The copolymers in which at least 50% of the copolymer is made from a halogen containing vinylidene com: pound such as vinyl chloride are preferably treated according to the invention.
The stabilizers of the present invention are also effective when intimately mixed with halogen containing resins in which part or all of the halogen is introduced into a preformed resin, e.g. chlorinated polyvinyl acetate, chlorinated polystyrene, chlorinated polyethylene, chlorinated polyvinyl chloride, chlorinated natural and synthetic rubbers and rubber hydrochloride.
Typical examples of copolymers include vinyl chloridevinyl acetate (95:5 weight ratio), vinyl chloride-vinyl acetate (87:13 weight ratio), vinyl chloride-vinyl acetatemaleic anhydride 86:13:1 weight ratio), vinyl chloridevinylidene chloride (95:5 weight ratio), vinyl chloridediethyl fumarate (95 weight ratio), vinyl chloride-trichloroethylene (95:5 weight ratio).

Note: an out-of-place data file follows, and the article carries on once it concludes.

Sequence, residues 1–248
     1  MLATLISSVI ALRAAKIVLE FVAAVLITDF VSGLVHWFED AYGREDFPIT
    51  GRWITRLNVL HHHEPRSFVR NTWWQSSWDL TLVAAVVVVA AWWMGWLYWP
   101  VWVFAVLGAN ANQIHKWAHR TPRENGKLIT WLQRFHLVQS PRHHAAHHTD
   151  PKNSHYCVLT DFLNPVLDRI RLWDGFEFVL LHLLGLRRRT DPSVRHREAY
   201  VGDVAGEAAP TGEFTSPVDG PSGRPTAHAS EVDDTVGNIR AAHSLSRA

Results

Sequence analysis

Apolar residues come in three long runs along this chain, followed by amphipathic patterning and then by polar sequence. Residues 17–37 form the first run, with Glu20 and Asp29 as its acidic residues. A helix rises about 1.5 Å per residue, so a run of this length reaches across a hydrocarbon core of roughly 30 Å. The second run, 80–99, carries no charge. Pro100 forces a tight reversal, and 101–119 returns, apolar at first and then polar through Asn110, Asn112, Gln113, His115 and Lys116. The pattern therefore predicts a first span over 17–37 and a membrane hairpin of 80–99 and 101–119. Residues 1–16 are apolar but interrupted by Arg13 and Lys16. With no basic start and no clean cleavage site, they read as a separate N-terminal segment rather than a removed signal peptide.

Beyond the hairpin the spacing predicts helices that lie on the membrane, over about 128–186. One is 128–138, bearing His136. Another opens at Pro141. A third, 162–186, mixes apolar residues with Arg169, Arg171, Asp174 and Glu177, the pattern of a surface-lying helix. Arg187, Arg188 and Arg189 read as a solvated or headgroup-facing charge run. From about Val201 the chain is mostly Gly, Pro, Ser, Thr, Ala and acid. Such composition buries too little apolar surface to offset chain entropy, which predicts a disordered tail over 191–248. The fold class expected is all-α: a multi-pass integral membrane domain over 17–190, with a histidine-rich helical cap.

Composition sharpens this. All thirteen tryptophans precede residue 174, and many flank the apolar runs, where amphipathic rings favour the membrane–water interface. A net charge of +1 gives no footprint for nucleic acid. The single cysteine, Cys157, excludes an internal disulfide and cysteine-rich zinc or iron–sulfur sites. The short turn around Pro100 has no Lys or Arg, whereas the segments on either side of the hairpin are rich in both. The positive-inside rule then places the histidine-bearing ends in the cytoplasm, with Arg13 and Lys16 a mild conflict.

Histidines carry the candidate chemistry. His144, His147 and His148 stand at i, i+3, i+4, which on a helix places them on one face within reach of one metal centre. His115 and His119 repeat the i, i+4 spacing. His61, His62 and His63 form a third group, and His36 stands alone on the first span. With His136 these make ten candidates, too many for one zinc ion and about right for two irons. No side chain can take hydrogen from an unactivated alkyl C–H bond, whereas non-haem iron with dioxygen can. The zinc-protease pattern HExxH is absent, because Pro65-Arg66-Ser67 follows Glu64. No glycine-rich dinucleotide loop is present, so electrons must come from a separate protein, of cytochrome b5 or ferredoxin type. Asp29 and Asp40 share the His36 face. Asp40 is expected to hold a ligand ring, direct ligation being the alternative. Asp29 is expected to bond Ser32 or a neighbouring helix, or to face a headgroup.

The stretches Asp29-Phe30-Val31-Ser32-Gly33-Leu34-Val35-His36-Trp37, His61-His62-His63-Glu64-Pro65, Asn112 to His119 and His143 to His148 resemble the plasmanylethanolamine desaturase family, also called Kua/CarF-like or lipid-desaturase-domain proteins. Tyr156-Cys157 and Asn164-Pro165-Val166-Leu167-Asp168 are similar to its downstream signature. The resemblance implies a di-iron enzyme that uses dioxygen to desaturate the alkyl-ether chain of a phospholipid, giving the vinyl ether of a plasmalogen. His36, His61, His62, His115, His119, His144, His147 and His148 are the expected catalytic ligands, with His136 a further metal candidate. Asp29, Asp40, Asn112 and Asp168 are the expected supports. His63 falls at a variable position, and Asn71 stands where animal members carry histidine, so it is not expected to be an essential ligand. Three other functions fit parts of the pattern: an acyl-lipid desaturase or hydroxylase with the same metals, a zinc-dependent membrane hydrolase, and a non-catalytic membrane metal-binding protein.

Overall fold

The resin, e.g. polyvinyl chloride, can either be plasticized or unplasticized. As the plasticizer there can be employed conventional materials such as dioctyl phthalate, octyl decyl phthalate, tricresyl phosphate, 2-ethylhexyl diphenyl phosphate, dodecyl dicresyl phosphate, tributyl acetyl citrate, dioctyl sebacate, dibutyl sebacate, etc. The plasticizer is used in conventional amount, e.g. to 100 parts for each 100 parts of the vinyl chloride containing resin.
The stabilizers of the present invention are used in an amount of 0.05 to 20 parts, preferably 0.1 to 10 parts per 100 parts of halogen containing resin.